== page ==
Android has become one of the most popular operating systems used by tablets. Its openness and customizability have attracted masses of businesses who have grown tired of using devices with restriction. While there are still limitations with Android tablets, they can be circumvented by rooting.
Before you root your tablet it’s beneficial to know the pros and cons associated with it.
What is Rooting? When you buy an Android tablet, it will have limitations placed on the OS by the maker of the tablet to prevent inexperienced users from inadvertently ruining their device. What rooting does is give users access to the basic or “root” level of the tablet, in other words it removes all restrictions placed on the OS. If you’ve heard the term “jailbreaking” for Apple’s products, rooting is akin to that.
Benefits to Rooting There are a number of upsides to rooting your Android tablet. Some of the most positive features are:
- Access to More Applications. If you root your tablet, you’ll have access to a wide variety of apps not available to unrooted tablets. If you go to the Google Play store, and type in Root you’ll see a list of apps that are only available to rooted tablets. Some of the most useful include ones that allow you to do a full backup of your system or change your layout.
- Improved Performance. When you root your tablet, you’ll be able to control its performance. This includes being able to make it open and close apps faster or decrease processor speed which will increase battery life.
- Latest Version of OS. Companies that create tablets and devices that use the Android OS are notorious for taking a long time to update the OS. Case in point: Google released Android 4.0 in December 2011 and some devices still haven’t been upgraded. If you root your tablet, you’ll be able to update your device to the newest version of the Android OS by using a ROM - the most basic level of software that allows your Android device to operate. ROMs are akin to drivers used by computers.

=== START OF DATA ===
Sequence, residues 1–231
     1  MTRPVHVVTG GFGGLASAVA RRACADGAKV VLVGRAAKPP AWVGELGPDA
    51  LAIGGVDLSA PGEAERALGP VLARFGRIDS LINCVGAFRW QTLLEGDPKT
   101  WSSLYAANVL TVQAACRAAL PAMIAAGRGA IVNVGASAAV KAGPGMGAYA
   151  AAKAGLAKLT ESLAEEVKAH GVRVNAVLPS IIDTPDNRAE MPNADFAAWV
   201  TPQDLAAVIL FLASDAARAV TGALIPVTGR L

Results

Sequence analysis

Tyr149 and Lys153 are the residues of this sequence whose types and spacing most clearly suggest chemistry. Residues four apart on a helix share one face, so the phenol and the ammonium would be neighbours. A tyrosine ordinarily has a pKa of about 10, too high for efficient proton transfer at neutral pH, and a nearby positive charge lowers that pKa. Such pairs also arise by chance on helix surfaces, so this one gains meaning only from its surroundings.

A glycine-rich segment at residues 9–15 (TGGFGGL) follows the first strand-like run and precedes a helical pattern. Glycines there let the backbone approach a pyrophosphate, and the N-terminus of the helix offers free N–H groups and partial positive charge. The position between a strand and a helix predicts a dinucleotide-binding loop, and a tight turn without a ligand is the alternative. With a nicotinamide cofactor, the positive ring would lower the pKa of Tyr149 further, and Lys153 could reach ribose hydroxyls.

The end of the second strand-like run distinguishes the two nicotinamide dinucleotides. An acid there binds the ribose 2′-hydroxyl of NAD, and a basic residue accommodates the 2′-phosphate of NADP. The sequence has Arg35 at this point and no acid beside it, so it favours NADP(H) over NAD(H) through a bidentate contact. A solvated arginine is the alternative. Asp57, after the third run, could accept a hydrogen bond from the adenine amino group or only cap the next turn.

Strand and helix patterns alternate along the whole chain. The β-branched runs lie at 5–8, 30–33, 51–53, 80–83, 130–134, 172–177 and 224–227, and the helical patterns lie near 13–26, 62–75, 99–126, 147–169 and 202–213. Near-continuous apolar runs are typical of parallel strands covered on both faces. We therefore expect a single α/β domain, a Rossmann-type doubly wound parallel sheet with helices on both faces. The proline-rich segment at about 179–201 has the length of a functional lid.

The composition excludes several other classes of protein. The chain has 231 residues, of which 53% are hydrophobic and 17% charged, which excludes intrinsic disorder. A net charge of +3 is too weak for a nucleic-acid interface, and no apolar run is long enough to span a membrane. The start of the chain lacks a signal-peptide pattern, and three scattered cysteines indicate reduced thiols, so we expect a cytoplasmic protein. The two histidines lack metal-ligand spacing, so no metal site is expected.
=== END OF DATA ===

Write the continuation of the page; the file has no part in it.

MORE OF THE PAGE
The second problem is that if rooting is carried out incorrectly you run the risk of “bricking” or “bootlooping” your device. Bricking is when your tablet’s software glitches causing the tablet to stop working, making it about as useful as a brick. Bootlooping is similar to bricking, however your phone will boot up, turn off, boot up and turn off in an endless cycle.
The final downside to rooting is security. There has been an increasing number of malware apps designed specifically for Android devices. If you have a rooted tablet and download apps not from Google Play, there’s a higher chance that the app you download will be infected.
Should I Root? With both powerful benefits and potentially nasty problems, the question is, “Should you root your tablet?” The answer is a bit ambiguous in that it really depends on what type of user you are. Advanced users who want to micromanage their device will be able to do just that if they root, while users who are happy with their tablet will not see much of a difference.
If you do choose to root your tablet, search the Internet for guides on how to root your device and carefully follow the instructions. Should you like to learn more about rooting, or Android tablets please drop us a line, we’re more than happy to hear from you.